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Politics

Cyprus’ New President Says He’ll Restart Stalled Reunification Talks

February 14, 2023

After squeaking out a win in a tight election, Cyprus’ new President Nikos Christodoulides said one of his priorities will be trying to reboot reunification talks with leaders of the occupying Turkish northern third of the island.

Christodoulides got 51.9 percent of the votes in a run-off to beat the Communist-backed career career diplomat Andreas Mavroyiannis.

Christoulides left his position as Foreign Minister for the then-ruling Democratic Rally (DISY) to run and was counted as a rogue by the party leader Averof Neofytou, who also ran but finished third in a first round.

Still bitter, Neofytou had said he wouldn’t have DISY work with Christoulides’ government as the new President faces an even more daunting challenge – the leader of the occupied side, Ersin Tatar, said he won’t discuss reunification and wants the world to accept a self-declared republic.

The isolated territory has been occupied by Turks since two unlawful 1974 invasions that Turkey said was because of a Greek-backed coup against the Cypriot government, the occupied side recognized only by Turkey.

Christoulides, who reportedly had offered to let Russian warships dock at Cypriot ports, campaigned as a unifying force for ethnically divided Cyprus, setting aside ideological and party divisions, noted EuroNews in a report.

https://www.euronews.com/2023/02/13/nikos-christodoulides-elected-president-of-cyprus-vows-to-revive-peace-talks-with-turkey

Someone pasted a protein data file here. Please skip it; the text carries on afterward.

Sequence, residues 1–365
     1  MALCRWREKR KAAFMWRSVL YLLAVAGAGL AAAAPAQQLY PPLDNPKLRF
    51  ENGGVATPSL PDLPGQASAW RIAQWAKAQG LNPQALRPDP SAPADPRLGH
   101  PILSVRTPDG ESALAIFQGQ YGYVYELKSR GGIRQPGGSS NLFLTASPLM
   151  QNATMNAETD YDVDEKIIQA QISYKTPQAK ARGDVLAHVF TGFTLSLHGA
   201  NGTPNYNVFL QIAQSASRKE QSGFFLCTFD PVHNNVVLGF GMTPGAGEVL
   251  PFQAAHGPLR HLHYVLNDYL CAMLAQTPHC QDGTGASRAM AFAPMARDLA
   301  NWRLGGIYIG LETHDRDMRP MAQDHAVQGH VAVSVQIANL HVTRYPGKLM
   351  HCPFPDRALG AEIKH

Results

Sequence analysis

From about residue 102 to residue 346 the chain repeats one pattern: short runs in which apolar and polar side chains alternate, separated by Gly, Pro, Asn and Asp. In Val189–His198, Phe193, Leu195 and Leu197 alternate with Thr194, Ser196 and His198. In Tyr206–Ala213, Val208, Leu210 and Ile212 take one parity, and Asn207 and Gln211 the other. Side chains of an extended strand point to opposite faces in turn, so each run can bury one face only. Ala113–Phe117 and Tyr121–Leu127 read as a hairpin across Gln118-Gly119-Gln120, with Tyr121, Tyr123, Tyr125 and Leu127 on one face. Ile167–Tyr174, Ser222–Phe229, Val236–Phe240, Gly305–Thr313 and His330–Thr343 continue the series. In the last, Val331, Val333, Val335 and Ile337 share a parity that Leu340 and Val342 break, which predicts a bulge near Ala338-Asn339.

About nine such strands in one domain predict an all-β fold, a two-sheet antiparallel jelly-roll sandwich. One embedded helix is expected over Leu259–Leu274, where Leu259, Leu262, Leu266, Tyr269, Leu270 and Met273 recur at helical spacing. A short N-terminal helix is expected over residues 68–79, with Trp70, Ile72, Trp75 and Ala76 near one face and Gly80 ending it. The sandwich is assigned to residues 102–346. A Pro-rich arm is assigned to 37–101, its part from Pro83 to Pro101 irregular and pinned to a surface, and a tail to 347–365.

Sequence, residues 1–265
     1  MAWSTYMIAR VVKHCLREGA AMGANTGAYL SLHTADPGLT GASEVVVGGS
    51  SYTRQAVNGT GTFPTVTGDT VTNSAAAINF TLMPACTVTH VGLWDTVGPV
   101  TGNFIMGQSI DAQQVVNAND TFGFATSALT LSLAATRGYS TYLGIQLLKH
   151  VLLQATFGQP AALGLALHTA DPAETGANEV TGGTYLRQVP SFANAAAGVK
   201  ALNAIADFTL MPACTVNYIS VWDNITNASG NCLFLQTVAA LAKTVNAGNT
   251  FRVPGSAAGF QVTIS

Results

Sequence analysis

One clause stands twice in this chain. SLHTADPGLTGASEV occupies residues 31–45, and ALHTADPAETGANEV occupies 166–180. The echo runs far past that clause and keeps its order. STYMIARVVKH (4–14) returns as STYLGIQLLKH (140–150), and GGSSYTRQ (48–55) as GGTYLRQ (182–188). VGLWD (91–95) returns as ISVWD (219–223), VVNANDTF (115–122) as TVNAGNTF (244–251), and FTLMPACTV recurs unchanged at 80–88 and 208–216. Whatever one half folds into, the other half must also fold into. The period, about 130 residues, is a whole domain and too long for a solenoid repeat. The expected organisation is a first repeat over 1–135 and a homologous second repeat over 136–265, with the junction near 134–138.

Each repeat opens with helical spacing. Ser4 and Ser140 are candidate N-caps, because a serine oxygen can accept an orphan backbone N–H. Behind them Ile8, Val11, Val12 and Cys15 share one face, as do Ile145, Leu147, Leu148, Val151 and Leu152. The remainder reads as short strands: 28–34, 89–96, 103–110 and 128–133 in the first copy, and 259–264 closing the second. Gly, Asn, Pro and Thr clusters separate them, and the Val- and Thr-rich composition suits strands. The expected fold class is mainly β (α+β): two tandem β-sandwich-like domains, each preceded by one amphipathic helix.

During his inauguration speech in Nicosia, the 49-year-old independent centrist said he hoped to unite the Mediterranean island nation, a goal which has seen so many envoys fail that Cyprus is called the “graveyard of diplomats.”

“My biggest concern is the end of the Turkish occupation and the reunification of our homeland. I will do everything to break the deadlock, to restart the dialogue, to create the conditions for solving the Cyprus problem,” he said.

He said repeatedly that convincing Turkey and the Turks occupying the top of the island, and some in homes still legally owned by Greek-Cypriots, is a top task for him without indicating how he can make that happen.

“In the Cyprus that I envision, there is no ‘us’ and ‘them.’ In the Cyprus that I envision, I will be the President of all Cypriots,” he vowed although Turks living in their self-declared republic had wanted one of theirs to be President in alternating terms as was brought up in earlier discussions.

The last round of negotiations fell apart in July, 2017 at the Swiss resort of Crans-Montana when Turkish President Recep Tayyip Erdogan and the then-leader of the occupied territory, Mustafa Akinci, said a 35,000-strong standing army on their side would never leave.

They also wanted the right of further military intervention, demands making Cyprus’ President Nicos Anastasiades, who finished two terms of 10 years in office in this election, walk away from the table.

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